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TLOBF Interview // Islet

TLOBF Interview // Islet

11 October 2010, 11:00
Words by Adrian Mules

With two mini-LP’s in three months and an album due imminently Islet are certainly no slouches. Their distinct lack of on-line presence also created an air of mystery that generated more buzz than a viral video of meerkats disco dancing on exercise equipment. So it was a pleasant surprise when Emma Daman kindly found some time in her busy schedule to chat to Adrian Mules about the band’s past and their plans for the future.

There’s a lot of mystery around the band, can you tell us how you met?

Mark and Bunter are brothers who play in a band with their other brother, Lee, called Attack+Defend, and have a label called Shape. When I was in my old band we used to play with them and they met Al – who was in another Cardiff band called Fredrick Stanley Star. Shape put out a record by Fredrick Stanley Star, it’s really good. Mark, Bunter and I started jamming as Islet. We wanted to do a band where anything is possible. And Al joined us after a few gigs.

Thanks, so what about the do the individual members of Islet do?

I play bass, drums and sing. Al, Mark and Bunter variously play guitar, keyboard, drums and sing. We swap about.

So, when your family members ask what sort of band Iselt are how do you describe yourselves?

It’s quite a family band so it’s not usually necessary. Mark is my boyfriend, Bunter is his brother and we recorded our first record at their parent’s farm. To my family I would say it’s fun. That’s the most important part.

Is there a shared pool of bands you all love?

You can’t go wrong with Fugazi, Pavement, Animal Collective, Department of Eagles, Sweet Baboo, At The Drive-In, Deerhoof, Munch Munch and Dirty Projectors.

You can’t indeed. So, if you were trapped in a lift for 24 hours with one song playing on repeat what song would you pick?

This Dust Makes That Mud by Liars. Apart from Liars being top dollar radness, it’s half an hour long so I’d have more chance of retaining sanity.

Okay, key question – do Islet like Twiglets?


Phew… With the information overload surrounding most bands it’s refreshing not to have the overshare from yourselves. What were your reasons for keeping your presence so subdued?

It’s tempting to believe that a band’s desire is to self publicise, and that they have a public duty to take advantage of the many means available. I believe in doing what you enjoy and what makes you happy, even if it doesn’t fit in with other people’s expectations.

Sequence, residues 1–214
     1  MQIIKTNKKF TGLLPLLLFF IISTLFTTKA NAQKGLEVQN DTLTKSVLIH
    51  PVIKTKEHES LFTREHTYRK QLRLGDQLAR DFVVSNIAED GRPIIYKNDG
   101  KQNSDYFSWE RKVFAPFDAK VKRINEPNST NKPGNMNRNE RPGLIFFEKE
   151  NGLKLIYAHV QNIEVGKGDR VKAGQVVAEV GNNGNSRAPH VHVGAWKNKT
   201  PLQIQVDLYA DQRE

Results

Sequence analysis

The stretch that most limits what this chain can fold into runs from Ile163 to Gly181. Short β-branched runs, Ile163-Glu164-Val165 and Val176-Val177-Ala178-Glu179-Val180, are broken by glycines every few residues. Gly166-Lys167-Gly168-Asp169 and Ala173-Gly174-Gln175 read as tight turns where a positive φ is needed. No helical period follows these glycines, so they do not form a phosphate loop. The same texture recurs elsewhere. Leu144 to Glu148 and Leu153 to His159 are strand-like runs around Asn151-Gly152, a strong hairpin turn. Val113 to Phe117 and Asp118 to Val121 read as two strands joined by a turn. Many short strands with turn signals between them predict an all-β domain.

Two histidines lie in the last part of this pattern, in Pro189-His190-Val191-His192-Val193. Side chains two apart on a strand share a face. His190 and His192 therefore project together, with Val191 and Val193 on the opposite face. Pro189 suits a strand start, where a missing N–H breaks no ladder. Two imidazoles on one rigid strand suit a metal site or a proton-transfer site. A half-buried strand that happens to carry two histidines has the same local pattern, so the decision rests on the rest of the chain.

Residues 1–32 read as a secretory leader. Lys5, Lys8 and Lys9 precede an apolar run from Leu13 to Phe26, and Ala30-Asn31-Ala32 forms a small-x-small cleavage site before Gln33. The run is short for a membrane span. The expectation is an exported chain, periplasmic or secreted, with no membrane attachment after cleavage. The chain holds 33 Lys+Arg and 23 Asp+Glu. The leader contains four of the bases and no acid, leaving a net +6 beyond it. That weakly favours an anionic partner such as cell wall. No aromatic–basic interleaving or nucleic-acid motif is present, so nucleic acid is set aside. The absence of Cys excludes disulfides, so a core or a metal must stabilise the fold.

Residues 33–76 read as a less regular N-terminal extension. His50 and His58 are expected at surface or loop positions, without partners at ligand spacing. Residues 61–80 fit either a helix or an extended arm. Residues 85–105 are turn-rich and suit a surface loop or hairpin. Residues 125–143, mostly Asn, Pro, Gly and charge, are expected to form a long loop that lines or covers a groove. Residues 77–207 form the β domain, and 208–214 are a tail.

By keeping quiet it actually built up quite a lot of interest, but it’s often the case that bands never deliver on the (for want of a better word) “hype” – yet everything from you thus far has been brilliant. It was a genuine moment of excitement for me when I received your first release; it reminded me of the days when tracking down a record by your favourite band was often a difficult, but ultimately fulfilling activity. This is quite possibly the longest intro to a question ever - but was this the experience you hoping to deliver or have I massively over-thought this?

We made a conscious decision to act in a way that people we admire do, to be true to ourselves, our ideals and beliefs. Which are mainly to enjoy being in a band! I wanted to make a band that I would like. And if people get into music for whatever reason, that can only be a good thing!

Your second mini-lp Wimmy is out on the 11th of October, how did bringing that together differ from Celebrate This Place was it a more rapid process?

It was quite rapid, there’s three months between the two. We’ve always said we’d record and release our music quite quickly, to keep the creative process ticking over. We hired an old rehearsal room in Cardiff for a few weeks and went down there in the evenings with a few mics and a computer. Wimmy is like Celebrate This Place in that they were both recorded by ourselves in Wales – 6 tracks and about half an hour each. They’re a sister and a brother.

Do you write songs individually and bring them to the table or do they evolve from a jamming process?

A bit of both. Some songs we jammed as a three piece before Al joined the group and added crazy vibemic-ing or bass that made it all fit together. Some songs you might be able to tell started off life as one of us at home with a guitar. At the moment we’re moving more towards jamming. We set up all the instruments in a room and we can rotate, play whatever we feel like at that moment. So it’s very flexible and free.

You are planning to record your debut soon, is this going to be all new material or will tracks from the mini-lp’s make an appearance?

New material for sure! Maximum funfulfillment.

Brilliant, when is it due?

Not sure. But we don’t really believe in sitting on songs, so I shouldn’t imagine long!

Do you prefer the instant reaction of a live performance or recording your songs in the studio?

I love both. There’s the adrenaline rush of playing live, and the satisfaction of recording your own songs. Islet is as much about records as gigs, both are integral.

What’s been the highlight of being in Islet thus far?

It’s all good! We do gigs and record and make art, what more could you want? We’re fortunate in that I don’t think we’ve ever let ourselves down!

Other than recording the new album what else is planned for Islet in the future?

When we get back from this tour Mark and I’ll do another Isness (our hand held visual communication device, that you can subscribe to) because we haven’t done one for a while. And of course the basic activities that make a band – gigs and recording.

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